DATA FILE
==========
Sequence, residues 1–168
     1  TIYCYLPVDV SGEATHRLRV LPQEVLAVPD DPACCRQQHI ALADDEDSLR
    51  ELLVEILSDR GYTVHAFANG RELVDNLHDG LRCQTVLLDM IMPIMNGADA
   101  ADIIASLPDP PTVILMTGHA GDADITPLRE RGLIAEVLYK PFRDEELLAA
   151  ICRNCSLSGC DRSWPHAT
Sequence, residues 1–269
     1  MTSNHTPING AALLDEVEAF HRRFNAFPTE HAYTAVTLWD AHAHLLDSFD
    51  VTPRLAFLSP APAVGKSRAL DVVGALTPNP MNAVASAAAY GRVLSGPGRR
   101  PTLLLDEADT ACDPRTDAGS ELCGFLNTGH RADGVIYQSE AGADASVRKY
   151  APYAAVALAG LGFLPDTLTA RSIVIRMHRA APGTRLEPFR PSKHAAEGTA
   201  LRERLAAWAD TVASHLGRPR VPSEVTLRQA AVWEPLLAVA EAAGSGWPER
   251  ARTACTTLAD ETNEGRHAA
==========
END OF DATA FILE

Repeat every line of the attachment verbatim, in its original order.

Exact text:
Sequence, residues 1–168
     1  TIYCYLPVDV SGEATHRLRV LPQEVLAVPD DPACCRQQHI ALADDEDSLR
    51  ELLVEILSDR GYTVHAFANG RELVDNLHDG LRCQTVLLDM IMPIMNGADA
   101  ADIIASLPDP PTVILMTGHA GDADITPLRE RGLIAEVLYK PFRDEELLAA
   151  ICRNCSLSGC DRSWPHAT
Sequence, residues 1–269
     1  MTSNHTPING AALLDEVEAF HRRFNAFPTE HAYTAVTLWD AHAHLLDSFD
    51  VTPRLAFLSP APAVGKSRAL DVVGALTPNP MNAVASAAAY GRVLSGPGRR
   101  PTLLLDEADT ACDPRTDAGS ELCGFLNTGH RADGVIYQSE AGADASVRKY
   151  APYAAVALAG LGFLPDTLTA RSIVIRMHRA APGTRLEPFR PSKHAAEGTA
   201  LRERLAAWAD TVASHLGRPR VPSEVTLRQA AVWEPLLAVA EAAGSGWPER
   251  ARTACTTLAD ETNEGRHAA